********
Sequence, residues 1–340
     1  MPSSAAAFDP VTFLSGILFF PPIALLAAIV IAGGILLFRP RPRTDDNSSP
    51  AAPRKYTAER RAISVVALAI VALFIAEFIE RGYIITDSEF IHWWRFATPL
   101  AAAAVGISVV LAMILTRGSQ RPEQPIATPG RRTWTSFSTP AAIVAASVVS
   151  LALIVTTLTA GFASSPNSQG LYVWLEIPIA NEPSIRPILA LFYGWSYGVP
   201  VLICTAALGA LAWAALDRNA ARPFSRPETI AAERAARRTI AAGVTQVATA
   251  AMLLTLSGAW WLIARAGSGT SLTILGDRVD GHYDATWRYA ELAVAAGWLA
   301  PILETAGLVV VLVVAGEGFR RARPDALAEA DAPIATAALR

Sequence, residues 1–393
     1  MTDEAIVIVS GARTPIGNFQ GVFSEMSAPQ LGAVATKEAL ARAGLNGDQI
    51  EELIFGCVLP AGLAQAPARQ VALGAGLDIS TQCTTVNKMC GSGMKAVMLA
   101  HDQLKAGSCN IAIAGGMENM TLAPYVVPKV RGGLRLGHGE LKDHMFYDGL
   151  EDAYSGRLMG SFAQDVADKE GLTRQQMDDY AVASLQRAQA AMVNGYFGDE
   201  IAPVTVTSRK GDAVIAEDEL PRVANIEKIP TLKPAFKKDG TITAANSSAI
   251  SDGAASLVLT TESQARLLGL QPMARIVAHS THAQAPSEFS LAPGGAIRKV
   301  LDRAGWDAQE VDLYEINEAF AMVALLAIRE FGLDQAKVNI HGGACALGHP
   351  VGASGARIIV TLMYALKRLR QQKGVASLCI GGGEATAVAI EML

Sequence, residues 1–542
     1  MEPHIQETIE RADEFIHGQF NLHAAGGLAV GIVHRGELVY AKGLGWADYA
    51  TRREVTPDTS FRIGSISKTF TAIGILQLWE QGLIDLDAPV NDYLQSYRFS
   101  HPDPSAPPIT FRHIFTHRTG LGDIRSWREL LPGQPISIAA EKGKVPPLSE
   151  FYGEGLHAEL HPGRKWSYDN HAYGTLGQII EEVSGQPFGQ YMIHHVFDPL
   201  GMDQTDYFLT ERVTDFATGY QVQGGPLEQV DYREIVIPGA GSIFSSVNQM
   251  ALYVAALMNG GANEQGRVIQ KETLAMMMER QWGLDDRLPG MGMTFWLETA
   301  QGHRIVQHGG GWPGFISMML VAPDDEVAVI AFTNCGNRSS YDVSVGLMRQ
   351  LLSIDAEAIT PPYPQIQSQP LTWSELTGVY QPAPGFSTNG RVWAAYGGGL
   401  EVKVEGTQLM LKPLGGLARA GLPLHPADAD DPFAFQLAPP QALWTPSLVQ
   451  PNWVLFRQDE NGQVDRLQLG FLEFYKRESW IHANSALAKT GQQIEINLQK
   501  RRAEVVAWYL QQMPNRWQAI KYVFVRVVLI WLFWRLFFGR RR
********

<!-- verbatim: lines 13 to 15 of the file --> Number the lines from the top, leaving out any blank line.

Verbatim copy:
   151  EDAYSGRLMG SFAQDVADKE GLTRQQMDDY AVASLQRAQA AMVNGYFGDE
   201  IAPVTVTSRK GDAVIAEDEL PRVANIEKIP TLKPAFKKDG TITAANSSAI
   251  SDGAASLVLT TESQARLLGL QPMARIVAHS THAQAPSEFS LAPGGAIRKV